Total group score, mean (SD) 8.77 (3.11)
1st application score (n = 36) 9.75 (3.48)
2nd application score (n = 36) 9.08 (3.49)
Time (in days) between applications 73.06 (78.15)

Data presented as n (%), unless otherwise specified.

SD = standard deviation.

Participants completed the two applications within a mean time interval of 73.06±74.15 days, with a range of 29 to 359 days. In order to perform the Student t-test to assess equality between those who took shorter and longer intervals to answer the second application, participants were divided into two groups, i.e., intervals ≤ 60 days and > 60 days. No statistically significant difference was found between these groups, as shown in Table 2.

Table 2 Brazilian Portuguese General Locus of Control according to time interval between applications (n = 36) 

Mean(SD) n p*
1st application score 0.76
≤ 60 days of interval 9.83 (3.46) 29
> 60 days of interval 9.43 (3.78) 7
2nd application score 0.79
≤ 60 days of interval 9.03 (3.45) 29
> 60 days of interval 9.29 (3.95) 7

SD = standard deviation.

*Student's t test.

Also, individuals who were not retested (n = 35) did not differ from those who answered the questionnaire twice (n = 36) in terms of mean age (29.85±11.03 vs. 31.75±14.46; p = 0.53), gender (22 women in each group; p = 1.00), years of schooling (30 subjects reached high school vs. 21; p = 0.09) and socioeconomic status (27 subjects in classes A and B vs. 18; p = 0.07).

Table 3 shows mean total and partial scores according to socioeconomic level and gender. There were no statistically significant differences between the scores in either application.

Table 3 Brazilian Portuguese General Locus of Control according to socioeconomic level and gender 

Variable n Mean SD p*
Socioeconomic level
1st application score
A, B1, and B2 18 9.22 2.90 0.43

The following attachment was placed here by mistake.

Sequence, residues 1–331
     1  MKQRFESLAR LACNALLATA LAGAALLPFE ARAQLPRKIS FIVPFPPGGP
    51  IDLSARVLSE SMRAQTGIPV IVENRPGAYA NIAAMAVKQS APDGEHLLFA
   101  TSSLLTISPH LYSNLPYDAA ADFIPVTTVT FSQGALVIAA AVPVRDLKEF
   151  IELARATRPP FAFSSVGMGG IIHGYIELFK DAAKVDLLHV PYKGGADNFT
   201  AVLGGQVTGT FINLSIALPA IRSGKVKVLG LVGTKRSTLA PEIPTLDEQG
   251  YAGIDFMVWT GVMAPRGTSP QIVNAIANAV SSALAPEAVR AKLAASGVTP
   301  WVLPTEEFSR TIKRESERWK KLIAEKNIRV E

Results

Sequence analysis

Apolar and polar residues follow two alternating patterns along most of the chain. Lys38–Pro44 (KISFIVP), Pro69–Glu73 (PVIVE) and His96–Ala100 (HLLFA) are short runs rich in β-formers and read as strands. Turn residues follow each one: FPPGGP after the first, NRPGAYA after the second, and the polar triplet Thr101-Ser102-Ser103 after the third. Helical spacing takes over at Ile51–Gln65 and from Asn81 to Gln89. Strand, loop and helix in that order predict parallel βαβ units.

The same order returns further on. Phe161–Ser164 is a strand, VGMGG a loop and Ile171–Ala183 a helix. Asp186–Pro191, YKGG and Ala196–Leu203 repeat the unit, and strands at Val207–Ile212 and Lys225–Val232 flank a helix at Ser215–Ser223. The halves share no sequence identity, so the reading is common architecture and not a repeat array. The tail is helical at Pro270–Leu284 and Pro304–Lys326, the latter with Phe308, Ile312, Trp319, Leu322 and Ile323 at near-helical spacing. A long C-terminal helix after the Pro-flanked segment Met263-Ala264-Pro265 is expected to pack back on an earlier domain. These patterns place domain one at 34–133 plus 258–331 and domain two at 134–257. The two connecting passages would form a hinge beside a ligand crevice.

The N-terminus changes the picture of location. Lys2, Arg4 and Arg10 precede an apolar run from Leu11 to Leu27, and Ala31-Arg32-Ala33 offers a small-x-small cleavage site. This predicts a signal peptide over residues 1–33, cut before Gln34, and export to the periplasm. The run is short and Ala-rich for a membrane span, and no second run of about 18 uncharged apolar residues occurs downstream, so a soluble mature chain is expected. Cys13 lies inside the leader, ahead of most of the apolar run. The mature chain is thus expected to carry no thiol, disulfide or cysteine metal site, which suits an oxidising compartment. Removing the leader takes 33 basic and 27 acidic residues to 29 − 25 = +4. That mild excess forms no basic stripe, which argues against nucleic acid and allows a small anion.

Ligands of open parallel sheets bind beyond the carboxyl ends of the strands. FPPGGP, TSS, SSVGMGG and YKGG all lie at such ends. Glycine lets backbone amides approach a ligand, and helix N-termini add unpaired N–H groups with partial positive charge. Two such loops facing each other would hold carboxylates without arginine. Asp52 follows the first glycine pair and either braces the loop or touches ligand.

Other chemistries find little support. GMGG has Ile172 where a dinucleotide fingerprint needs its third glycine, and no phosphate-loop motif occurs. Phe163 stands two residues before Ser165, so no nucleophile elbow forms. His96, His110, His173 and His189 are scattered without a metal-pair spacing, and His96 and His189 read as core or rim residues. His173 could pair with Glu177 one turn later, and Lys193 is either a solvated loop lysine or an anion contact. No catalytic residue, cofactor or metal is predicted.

C1, C2, D, and E 18 10.28 3.98
2nd application score
A, B1, and B2 18 8.78 3.34 0.75
C1, C2, D, and E 18 9.39 3.71
Total group score
A, B1, and B2 45 8.49 3.00 0.98
C1, C2, D, and E 26 9.27 3.30
Gender
1st application score
Male 14 9.26 4.03 0.42
Female 22 10.05 3.14
2nd application score
Male 14 9.00 4.04 0.57
Female 22 9.14 3.20
Total group scores
Male 27 8.00 3.19 0.99
Female 44 9.25 3.00

SD = standard deviation.

*Student's t-test.

Social stratification according to the classification of Associação Brasileira de Empresas de Pesquisa (ABEP), 2015.17

Regarding socioeconomic status (Table 3), individuals were grouped into two major groups according to the socioeconomic classification system of Associação Brasileira de Empresas de Pesquisa (ABEP),17 with classes A, B1, and B2 grouped together forming the upper class group (45 patients, 63.40% of the total), and classes C, D and E comprising the lower socioeconomic status group (26 patients, 36.60% of the total). When comparing the mean total and partial scores obtained for each socioeconomic group, there were no statistically significant differences in the total scores of either application.17

Cronbach's alpha measure of internal reliability of the Brazilian Portuguese version of the GLoC questionnaire was 0.906 for the two test applications (n = 36). Pearson's correlation between the results of the two applications was 0.83 (p < 0.001), as shown in Table 4.

Table 4 Pearson's correlation between separate application results, time interval, age, and years of schooling 

Score on 1st application
(n = 36)
Score on 2nd application
(n = 36)
Total group score